Catching up on some magazines, I came across an article in the New York Review of Books on Hedda Sterne, one of a group of Abstract Expressionists nicknamed The Irascibles. In 1950, a group of artists sent a letter to several newspapers protesting the Metropolitan Museum of Art’s lack of encouragement of modern artists. The group was nicknamed The Irascibles and written up in Life Magazine, featuring a photograph which included Sterne not only as the only woman, but towering over the men (a pose which she insists was accidental but which irritated them).
Although Sterne was grouped with the Abstract Expressionists, she didn’t consider herself attached to any school. Her style was occasionally surrealistic, at times conceptual. She knew that her varied style hindered her success, but claimed she had no interest in commercial success. She considered her art a direct expression of her thoughts and ideas.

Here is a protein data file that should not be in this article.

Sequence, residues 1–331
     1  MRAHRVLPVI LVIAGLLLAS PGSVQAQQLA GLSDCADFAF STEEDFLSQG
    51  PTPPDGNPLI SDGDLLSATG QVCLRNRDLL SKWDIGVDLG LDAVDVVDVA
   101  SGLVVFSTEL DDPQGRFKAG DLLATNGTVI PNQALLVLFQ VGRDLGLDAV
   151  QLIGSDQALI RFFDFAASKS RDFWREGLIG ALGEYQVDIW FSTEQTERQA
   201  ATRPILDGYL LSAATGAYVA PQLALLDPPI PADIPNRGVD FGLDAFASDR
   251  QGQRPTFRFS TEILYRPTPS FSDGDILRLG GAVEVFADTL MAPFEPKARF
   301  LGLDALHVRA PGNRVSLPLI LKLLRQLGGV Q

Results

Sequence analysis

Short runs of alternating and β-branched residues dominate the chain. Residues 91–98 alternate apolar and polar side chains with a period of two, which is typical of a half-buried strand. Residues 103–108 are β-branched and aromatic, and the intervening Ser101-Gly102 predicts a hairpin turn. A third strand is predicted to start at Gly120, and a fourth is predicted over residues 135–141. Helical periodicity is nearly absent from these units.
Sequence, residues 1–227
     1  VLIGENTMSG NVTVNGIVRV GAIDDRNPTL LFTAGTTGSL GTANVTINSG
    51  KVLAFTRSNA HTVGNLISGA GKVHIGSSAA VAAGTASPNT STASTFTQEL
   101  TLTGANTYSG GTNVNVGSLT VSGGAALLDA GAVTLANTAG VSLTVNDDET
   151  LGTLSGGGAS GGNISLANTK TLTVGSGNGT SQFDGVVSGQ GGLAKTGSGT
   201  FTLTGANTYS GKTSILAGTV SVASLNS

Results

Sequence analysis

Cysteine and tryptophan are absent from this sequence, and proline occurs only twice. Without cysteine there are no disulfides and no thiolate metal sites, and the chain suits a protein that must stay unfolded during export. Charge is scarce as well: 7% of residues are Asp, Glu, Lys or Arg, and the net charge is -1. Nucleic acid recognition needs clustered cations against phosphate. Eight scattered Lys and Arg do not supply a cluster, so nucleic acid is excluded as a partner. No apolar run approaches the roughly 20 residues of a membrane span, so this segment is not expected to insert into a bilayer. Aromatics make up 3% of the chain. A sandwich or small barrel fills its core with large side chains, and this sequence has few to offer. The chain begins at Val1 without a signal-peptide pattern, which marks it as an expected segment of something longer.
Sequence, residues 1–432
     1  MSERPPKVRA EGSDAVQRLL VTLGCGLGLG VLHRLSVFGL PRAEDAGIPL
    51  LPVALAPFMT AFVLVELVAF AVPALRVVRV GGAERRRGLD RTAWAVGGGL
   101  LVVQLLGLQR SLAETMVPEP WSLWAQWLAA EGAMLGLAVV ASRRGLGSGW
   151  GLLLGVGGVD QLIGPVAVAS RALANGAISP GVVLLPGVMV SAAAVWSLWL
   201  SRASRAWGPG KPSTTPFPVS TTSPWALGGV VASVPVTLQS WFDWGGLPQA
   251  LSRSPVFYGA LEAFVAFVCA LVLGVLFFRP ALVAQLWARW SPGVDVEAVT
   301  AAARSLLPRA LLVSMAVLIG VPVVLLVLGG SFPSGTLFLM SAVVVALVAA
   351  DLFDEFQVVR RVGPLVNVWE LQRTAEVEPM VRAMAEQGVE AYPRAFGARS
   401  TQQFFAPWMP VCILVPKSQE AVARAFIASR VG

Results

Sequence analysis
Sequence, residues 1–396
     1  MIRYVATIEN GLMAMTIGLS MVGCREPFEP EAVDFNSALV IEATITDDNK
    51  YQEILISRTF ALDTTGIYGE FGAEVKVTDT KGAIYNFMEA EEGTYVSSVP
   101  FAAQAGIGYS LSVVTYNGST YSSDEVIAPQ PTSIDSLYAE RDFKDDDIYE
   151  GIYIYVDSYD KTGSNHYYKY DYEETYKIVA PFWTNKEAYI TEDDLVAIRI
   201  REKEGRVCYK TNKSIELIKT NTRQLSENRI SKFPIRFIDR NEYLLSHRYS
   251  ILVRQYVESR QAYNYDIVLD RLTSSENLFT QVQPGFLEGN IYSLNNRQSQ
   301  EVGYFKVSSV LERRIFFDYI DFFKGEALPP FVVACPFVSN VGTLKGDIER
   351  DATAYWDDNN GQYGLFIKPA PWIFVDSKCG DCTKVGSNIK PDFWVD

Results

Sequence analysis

“I have a feeling that in art, the need to understand and the need to communicate are one,” she said.
Sterne was largely self-taught. She was born in Romania and lived in Paris until 1941, when she and her first husband, Frederick Sterne fled to America in advance of the Nazi occupation. In New York, she was included in a show introducing Surrealism to the United States called First Papers of Surrealism, curated by Andre Breton and Marcel Duchamp. In 1944, she married Saul Steinberg. Recently, Sterne turned 100. Despite macular degeneration, continued drawing into her nineties, though a stroke she experienced a few years ago has left her nearly blind.
I’ve developed a fascination in those female artists who, for whatever reason (the male-centric art world?) have been forgotten or ignored. Francine Prose touched on a few of them in her excellent book, The Lives of the Muses. But only a few…it’s a long list.